How did you research locations for Lost in the Darkness? Which is the most compelling prison, hospital, or asylum, and why?
A lot of my research began in the library and with documentaries on the subject. Say what you will about Ghost Hunters and Ghost Adventures, but the majority of those television episodes have great researchers like Jeff Belanger (my hero) who provide great starting points for deeper investigation and research. In places like Moundsville’s West Virginia Penitentiary, you can talk about the ghost of William “Red” Snyder all you want, but if you don’t know the man that he was, the story becomes hollow and superficial. I researched “Red” Snyder a lot, visited the prison twice, and wrote about him as if he were a long lost relative. I think research is good, but immersing yourself in the actual history of the location brings so much more to the text. It adds shadow and depth to a stick figure, which I hope I was able to do with LOST.
In all, I visited roughly ten of the locations in the book while researching it, which was one of the best road trips I’d ever taken. I had started out at Central State Hospital in Indianapolis, which I stopped at on my way to Louisville’s Waverly Hills Sanatorium, simply because it was an hour away from my house. At the time, I really didn’t know where to go with the book. I knew I wanted it to be scary, I wanted it to give you a chill, and I wanted it to be dark as hell. But visiting Central State Hospital gave me the focus I needed. I was taking pictures for the book near the old carpentry building and as I turned to leave, I heard, very clearly, a disembodied voice behind me say, “What are you doing here?” Nothing there. Looked in the windows, no one there.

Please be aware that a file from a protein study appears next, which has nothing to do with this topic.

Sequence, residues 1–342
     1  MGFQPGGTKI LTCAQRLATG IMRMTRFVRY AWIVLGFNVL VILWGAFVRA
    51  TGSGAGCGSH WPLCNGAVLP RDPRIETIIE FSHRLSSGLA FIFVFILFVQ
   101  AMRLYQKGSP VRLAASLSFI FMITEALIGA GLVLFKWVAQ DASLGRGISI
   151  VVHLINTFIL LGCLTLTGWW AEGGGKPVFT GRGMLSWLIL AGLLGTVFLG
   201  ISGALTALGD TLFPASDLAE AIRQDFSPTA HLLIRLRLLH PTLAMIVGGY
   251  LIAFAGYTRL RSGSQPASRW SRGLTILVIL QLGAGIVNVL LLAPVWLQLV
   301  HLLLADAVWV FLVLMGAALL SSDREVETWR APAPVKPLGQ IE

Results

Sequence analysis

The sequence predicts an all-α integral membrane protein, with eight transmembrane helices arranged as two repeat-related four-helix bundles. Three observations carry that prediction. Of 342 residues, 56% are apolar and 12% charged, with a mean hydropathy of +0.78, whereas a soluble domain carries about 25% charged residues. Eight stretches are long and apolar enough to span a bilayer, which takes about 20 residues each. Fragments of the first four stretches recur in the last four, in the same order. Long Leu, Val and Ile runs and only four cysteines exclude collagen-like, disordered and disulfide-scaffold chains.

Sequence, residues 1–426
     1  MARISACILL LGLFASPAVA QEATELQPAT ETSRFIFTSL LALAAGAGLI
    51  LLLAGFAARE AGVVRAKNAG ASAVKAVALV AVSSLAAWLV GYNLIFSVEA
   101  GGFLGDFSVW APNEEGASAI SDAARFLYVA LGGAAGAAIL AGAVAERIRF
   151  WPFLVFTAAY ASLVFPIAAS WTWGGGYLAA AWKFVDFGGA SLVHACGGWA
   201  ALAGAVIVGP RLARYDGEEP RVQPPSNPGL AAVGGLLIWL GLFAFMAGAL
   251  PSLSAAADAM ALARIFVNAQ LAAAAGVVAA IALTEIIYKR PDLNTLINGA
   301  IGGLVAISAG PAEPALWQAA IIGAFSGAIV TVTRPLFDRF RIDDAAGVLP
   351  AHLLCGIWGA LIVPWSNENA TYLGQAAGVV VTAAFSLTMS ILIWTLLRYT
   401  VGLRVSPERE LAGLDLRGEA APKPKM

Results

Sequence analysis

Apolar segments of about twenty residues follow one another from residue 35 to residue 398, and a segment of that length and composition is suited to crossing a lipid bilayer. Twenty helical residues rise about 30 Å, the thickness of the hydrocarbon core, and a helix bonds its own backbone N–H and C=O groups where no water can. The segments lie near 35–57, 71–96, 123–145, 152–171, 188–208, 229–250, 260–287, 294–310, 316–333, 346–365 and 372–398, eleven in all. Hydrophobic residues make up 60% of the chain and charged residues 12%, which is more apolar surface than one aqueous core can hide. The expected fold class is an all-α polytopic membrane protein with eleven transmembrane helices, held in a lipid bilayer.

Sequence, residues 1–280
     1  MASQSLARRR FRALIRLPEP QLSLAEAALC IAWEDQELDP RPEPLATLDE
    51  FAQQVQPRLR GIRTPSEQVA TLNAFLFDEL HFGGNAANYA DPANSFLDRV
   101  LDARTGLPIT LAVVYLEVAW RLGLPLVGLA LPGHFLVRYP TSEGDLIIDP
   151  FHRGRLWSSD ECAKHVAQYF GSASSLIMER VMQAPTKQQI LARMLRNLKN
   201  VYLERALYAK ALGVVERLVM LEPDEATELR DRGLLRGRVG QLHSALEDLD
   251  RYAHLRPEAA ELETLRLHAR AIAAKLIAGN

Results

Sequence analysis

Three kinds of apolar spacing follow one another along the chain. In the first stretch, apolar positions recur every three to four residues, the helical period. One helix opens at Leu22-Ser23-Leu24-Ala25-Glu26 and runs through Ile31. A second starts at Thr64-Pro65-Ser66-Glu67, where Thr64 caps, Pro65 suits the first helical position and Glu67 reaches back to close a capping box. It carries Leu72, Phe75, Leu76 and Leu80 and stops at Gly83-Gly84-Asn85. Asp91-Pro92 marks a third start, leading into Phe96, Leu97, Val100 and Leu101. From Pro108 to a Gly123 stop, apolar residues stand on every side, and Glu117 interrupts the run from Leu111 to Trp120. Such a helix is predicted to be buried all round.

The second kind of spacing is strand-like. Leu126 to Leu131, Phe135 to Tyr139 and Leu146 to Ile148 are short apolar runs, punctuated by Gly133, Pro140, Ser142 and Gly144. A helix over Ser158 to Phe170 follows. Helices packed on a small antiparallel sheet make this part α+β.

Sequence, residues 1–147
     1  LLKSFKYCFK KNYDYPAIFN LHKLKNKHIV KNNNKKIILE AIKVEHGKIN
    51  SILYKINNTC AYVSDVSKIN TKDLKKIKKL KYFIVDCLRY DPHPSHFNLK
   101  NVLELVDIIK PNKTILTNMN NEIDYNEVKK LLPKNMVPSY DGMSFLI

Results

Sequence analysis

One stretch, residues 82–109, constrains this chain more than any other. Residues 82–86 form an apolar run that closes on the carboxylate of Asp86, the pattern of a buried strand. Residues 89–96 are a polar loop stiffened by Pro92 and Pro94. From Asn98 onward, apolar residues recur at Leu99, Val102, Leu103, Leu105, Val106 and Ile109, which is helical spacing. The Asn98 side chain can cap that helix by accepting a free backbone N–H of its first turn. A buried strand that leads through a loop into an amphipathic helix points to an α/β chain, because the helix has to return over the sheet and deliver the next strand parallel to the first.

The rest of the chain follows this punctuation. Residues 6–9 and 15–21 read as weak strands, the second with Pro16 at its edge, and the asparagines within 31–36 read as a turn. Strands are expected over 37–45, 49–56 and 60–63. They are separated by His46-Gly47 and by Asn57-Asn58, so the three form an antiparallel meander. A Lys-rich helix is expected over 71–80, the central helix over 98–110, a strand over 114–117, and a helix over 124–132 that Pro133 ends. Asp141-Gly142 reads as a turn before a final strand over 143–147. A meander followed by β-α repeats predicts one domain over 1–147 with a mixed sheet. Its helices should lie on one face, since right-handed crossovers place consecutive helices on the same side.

As I was driving off the campus, and during my whole trip out of Indianapolis, I thought about what that voice had asked me. What WAS I doing there? I didn’t have an answer. By the time I got to Louisville, I realized that I wasn’t going to write about haunted places, I was going to write about the people that were still there. Still haunting those places. THAT was what was important, not the buildings. But its a symbiotic relationship. Those spirits are attached to those buildings for a reason, but the heart of the haunting is with the ghost still living in the prison or hospital it can’t escape. I find that tragic, especially when they’re no longer bound by flesh and don’t have to stay but still can not leave.
During the course of your investigations, have you ever encountered something you couldn’t explain? How confident are you that ghosts are real, and why?